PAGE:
Accurate installation and connection of three-phase electrical systems is crucial for both commercial and industrial buildings. Steve Dunning, Managing Director of Martindale Electric, explains why it is vital that engineers test the phase rotation of their electrical systems.
Three-phase electrical supplies are commonplace in most industrial and commercial facilities for a wide variety of applications. Three-phase motors are widely used for many tasks. To guarantee the proper operation of electrical equipment, as well as the safety of workers, correct installation is essential.
Phase rotation refers to the order in which the three phases of an alternating current system are connected. So, naturally, when it comes to testing, you’re simply ensuring that everything has been connected in the right order. In the UK, the three phases are known as L1 (Brown), L2 (Black) and L3 (Grey), where the peak of each AC signal is 120 degrees apart.
Getting the phase sequence wrong can have devastating consequences for plant and machinery with serious implications for machine safety. From motors running backwards through to cooling or lubricating systems underperforming, one wrong connection can lead to a major maintenance headache. It can disrupt operation, cause vast damage to equipment, with all the expense that entails, and potentially injure the user. Correctly testing the phase rotation of the electrical infrastructure is crucial.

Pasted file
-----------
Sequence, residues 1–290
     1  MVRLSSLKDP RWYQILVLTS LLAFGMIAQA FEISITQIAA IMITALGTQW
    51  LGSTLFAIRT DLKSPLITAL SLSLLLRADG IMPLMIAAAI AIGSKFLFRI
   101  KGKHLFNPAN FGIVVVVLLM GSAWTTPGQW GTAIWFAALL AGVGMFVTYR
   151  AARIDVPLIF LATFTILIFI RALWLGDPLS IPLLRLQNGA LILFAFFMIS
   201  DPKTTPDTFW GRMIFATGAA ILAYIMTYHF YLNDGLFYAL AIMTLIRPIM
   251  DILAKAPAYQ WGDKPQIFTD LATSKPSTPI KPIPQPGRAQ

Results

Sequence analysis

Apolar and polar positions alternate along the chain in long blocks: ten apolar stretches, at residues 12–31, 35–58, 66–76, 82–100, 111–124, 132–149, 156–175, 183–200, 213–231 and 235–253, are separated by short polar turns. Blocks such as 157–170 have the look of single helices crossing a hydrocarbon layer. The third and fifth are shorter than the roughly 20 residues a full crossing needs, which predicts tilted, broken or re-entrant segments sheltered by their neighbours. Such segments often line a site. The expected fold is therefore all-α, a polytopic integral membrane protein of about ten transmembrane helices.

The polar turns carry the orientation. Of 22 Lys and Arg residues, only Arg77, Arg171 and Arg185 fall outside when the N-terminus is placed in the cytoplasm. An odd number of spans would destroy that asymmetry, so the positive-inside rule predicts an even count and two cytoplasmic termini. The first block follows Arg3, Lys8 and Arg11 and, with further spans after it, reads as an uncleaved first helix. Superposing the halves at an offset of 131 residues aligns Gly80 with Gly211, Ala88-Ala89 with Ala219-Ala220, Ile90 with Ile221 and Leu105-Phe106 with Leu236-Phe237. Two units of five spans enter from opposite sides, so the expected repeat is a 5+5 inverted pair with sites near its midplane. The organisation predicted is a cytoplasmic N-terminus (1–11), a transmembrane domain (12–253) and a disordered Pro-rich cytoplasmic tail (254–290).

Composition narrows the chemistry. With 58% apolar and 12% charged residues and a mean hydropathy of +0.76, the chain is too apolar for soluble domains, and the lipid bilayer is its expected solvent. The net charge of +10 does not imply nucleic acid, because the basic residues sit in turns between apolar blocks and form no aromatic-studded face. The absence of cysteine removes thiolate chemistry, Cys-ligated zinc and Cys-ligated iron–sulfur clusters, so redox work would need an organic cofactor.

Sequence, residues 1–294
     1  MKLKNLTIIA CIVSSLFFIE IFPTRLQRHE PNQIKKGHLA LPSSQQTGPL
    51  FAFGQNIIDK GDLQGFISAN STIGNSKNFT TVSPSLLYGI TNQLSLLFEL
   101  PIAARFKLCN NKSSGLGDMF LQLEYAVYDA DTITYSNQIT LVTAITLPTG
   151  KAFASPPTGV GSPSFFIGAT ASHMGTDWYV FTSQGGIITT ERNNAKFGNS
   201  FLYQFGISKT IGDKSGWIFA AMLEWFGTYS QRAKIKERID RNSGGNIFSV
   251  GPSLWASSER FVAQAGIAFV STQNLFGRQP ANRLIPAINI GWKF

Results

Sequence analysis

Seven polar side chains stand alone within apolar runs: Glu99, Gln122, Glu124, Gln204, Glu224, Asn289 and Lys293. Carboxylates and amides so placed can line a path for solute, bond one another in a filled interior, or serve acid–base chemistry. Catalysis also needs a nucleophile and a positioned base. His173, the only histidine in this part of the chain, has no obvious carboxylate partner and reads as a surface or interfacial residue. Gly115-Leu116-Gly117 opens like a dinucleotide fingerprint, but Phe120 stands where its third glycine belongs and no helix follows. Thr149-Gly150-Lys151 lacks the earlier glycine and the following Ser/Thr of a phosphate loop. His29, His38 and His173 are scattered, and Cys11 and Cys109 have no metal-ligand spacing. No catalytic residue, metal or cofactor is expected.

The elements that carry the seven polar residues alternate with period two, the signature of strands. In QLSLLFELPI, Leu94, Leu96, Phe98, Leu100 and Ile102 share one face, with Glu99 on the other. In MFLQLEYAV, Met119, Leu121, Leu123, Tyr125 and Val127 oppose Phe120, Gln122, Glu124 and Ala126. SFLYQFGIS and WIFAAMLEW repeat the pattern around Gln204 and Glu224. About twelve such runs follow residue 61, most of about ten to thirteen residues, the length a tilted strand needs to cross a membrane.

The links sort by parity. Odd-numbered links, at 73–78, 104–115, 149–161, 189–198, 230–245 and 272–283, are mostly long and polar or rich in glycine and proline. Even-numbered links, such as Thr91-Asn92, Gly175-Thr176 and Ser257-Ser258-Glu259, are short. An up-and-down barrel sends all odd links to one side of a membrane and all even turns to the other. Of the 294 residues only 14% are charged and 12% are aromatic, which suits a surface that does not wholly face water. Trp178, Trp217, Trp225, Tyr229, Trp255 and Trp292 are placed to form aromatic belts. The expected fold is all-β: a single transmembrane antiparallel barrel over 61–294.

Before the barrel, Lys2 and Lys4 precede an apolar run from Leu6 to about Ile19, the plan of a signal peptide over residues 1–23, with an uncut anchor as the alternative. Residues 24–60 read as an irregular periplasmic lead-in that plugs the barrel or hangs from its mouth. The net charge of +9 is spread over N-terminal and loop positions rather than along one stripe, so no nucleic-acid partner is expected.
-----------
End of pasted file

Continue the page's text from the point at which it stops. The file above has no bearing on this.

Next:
Good quality, safe instruments that test which way the phases are rotating will inform the operator of the correct connection order for the proper motor rotation. This can help to ensure that the system is connected and functioning properly and that it is safe for use. Specific test equipment is available to help verify the phase rotation of three-phase circuits.
For instance, a reliable safety solution for detecting phase sequence is the use of battery-operated non-contact phase sequence indicators. These indicators use insulated clips that work by induction, allowing for a reading through the insulation of each phase conductor. This reduces the risk of accidentally touching live parts. The clips are connected in the correct order and the instrument is turned on.
LEDs on the instruments should provide a clear indication of the phase rotation and have a high-intensity setting for working in strong ambient light. Look for instruments that display whether each line conductor has a voltage of between 75- and 1000-volts AC at 45-65 Hz. An audio indication of correct sequence is also often provided by a buzzer.
Clockwise sequence is correctly indicated by some instruments, while anticlockwise sequence is correctly indicated by others. Both types of indicators can also work on uninsulated conductors.
Another solution is a phase rotation indicator which has been specifically designed to quickly and simply prove the presence of all three live phases (or identify which are faulty) and show the sequence of phase rotation when all three phases are confirmed as present. Equipment that provides a fast, effective, battery-free method of identifying unmarked cables and ensures that three-phase outlets and machines are wired correctly are an advantage here.
For a choice between long exposed tips for reaching difficult-to-access contacts and shorter tips for increased safety, look for features such as retractable GS38 shrouds and integral fused leads, crocodile clips and high quality test probes which conform to GS38.
18th Edition multifunction testers can also be used to provide phase sequence indication in addition to their main functions. Like dedicated devices, these use three test leads to undertake the test but display the results on the LCD. Other devices that can verify the phase rotation include Two Pole Voltage and Continuity Testers.